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Russian secret service played ‘central role’ in Berlin murder, say media reports

Jill Petzinger
·Germany Correspondent, Yahoo Finance UK
·2-min read
This photo taken on August 23, 2019 shows forensic experts of the police securing evidences at the site of a crime scene in a park of Berlin's Moabit district, where a man of Georgian origin was shot dead. - Russia said Thursday, December 12, 2019 it was expelling two German diplomats, in a tit-for-tat move after Berlin ejected two Russians over the killing of a former Chechen commander in a Berlin park. (Photo by Christoph Soeder / dpa / AFP) / Germany OUT (Photo by CHRISTOPH SOEDER/dpa/AFP via Getty Images)
Forensic experts at the site of the murder of Zelimkhan Khangoshvili in a park in Berlin's Moabit district on 23 August 2019. (Christoph Soeder/DPA/AFP via Gett)

Russia’s Federal Security Service (FSB) – a successor of the former Soviet Union’s famed intelligence agency the KGB – allegedly played a central role in the shooting of a Georgian exile in a Berlin park last August, according to an investigation published on Monday in Germany’s Der Spiegel, Bellingcat, and The Insider.

Spiegel and Bellingcat research shows that in the months before he killed Zelimkhan Khangoshvili, a former Chechen rebel commander with Georgian nationality, the suspected assassin Vadim Krasikov was in close contact with representatives of the "Vympel team," made of former FSB spetsnaz (special) forces.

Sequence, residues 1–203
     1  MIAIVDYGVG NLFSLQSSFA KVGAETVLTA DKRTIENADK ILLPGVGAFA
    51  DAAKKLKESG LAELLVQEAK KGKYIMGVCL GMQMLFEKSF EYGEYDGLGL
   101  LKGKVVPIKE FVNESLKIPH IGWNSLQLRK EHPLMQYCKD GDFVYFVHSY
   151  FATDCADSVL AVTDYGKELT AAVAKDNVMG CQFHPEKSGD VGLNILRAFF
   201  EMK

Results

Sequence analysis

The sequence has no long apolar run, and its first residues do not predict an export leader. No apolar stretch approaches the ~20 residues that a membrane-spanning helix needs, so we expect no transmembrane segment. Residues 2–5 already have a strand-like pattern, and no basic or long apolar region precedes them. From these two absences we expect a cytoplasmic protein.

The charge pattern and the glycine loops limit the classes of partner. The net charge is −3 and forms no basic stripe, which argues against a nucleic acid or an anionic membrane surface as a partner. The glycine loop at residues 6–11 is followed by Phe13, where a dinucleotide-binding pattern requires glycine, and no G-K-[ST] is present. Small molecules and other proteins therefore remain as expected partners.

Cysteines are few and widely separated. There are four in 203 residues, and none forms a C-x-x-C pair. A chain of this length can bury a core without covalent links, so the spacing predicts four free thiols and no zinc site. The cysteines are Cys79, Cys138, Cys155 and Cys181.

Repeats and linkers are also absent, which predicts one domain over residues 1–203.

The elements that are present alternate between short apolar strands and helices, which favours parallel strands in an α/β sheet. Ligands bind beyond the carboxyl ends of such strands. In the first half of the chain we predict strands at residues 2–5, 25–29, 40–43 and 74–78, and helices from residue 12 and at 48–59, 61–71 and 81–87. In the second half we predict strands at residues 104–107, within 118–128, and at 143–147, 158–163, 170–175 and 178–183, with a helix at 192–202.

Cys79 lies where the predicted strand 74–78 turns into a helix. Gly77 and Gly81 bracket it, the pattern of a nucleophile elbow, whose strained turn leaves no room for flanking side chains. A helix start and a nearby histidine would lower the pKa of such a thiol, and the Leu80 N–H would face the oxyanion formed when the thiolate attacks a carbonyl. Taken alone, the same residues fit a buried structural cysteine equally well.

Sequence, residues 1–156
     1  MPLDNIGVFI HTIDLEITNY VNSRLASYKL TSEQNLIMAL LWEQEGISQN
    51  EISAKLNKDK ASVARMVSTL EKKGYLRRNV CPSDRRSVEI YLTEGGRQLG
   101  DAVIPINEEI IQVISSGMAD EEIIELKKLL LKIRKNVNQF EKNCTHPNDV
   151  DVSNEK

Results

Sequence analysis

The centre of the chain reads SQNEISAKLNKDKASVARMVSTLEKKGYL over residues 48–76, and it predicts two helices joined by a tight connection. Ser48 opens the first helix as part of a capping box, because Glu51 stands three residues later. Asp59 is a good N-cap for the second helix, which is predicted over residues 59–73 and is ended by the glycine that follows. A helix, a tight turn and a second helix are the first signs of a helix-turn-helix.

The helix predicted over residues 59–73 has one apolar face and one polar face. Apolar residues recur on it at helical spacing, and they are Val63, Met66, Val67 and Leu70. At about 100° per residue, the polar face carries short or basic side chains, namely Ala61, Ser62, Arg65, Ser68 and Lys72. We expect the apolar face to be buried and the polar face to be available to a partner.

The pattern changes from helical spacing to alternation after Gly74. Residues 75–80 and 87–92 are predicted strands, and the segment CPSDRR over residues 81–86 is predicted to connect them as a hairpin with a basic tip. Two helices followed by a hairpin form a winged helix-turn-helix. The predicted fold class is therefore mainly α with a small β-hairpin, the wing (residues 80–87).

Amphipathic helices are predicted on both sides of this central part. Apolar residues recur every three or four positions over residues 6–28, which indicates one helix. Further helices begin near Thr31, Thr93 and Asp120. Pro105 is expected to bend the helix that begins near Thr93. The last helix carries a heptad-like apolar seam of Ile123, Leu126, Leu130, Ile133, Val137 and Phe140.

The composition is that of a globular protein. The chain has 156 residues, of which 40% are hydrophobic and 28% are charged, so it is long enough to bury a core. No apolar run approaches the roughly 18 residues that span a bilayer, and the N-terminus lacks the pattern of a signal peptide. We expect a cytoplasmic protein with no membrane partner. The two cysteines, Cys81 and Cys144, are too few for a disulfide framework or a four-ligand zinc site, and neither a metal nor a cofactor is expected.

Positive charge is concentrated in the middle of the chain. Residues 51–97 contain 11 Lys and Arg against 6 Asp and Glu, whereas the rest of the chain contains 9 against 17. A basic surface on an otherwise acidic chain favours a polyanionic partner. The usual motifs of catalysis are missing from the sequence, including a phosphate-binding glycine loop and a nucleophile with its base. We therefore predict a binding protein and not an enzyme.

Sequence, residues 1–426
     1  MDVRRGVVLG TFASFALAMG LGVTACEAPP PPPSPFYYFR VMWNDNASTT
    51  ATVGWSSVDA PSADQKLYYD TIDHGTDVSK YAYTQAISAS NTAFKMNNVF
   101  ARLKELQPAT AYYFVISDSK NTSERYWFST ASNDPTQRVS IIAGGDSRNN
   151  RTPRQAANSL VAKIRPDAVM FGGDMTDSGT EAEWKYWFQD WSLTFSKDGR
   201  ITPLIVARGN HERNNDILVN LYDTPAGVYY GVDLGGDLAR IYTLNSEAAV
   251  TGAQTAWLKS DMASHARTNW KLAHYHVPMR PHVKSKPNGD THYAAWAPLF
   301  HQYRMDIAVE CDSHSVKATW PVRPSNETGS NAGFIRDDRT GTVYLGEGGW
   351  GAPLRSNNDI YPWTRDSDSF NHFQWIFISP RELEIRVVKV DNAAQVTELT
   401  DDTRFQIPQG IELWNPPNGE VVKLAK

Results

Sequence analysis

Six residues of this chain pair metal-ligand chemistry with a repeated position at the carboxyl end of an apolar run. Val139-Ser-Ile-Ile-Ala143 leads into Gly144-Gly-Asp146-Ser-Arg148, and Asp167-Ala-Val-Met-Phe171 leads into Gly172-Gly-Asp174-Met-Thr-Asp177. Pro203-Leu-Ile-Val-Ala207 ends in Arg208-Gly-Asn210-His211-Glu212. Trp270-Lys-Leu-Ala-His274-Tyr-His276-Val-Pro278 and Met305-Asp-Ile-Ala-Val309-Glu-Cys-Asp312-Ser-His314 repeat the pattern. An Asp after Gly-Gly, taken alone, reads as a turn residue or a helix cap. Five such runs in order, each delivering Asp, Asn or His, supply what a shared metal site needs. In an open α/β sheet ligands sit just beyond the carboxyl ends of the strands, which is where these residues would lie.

The suspected assassin also stayed in FSB properties several times, including in a secret training centre for special forces, according to Spiegel and Bellingcat.

Bellingcat writes that “essential support” for the operation “was provided directly by the FSB and on the grounds of the FSB’s so-called Centre of Special Operations.”

Earlier research by Bellingcat and Der Spiegel in December said that the alleged murderer entered Germany under the passport name Vadim Sokolov, but that his real name is Vadim Krasikov and he is a suspect in the 2013 contract killing of a Russian businessman in Moscow.

Read more: Russia expels German diplomats as tensions rise over Berlin murder

The Kremlin has denied any involvement in the murder, but the incident has soured relations between Moscow and Berlin.

The German prosecutor’s office said in December that there was "sufficient factual evidence" that the man had been shot dead "on behalf of state agencies of the Russian Federation.” Germany then expelled two Russian diplomats, and Moscow retaliated by kicking out two German diplomats.

German investigators are reportedly looking to indict Krasikov in the coming weeks.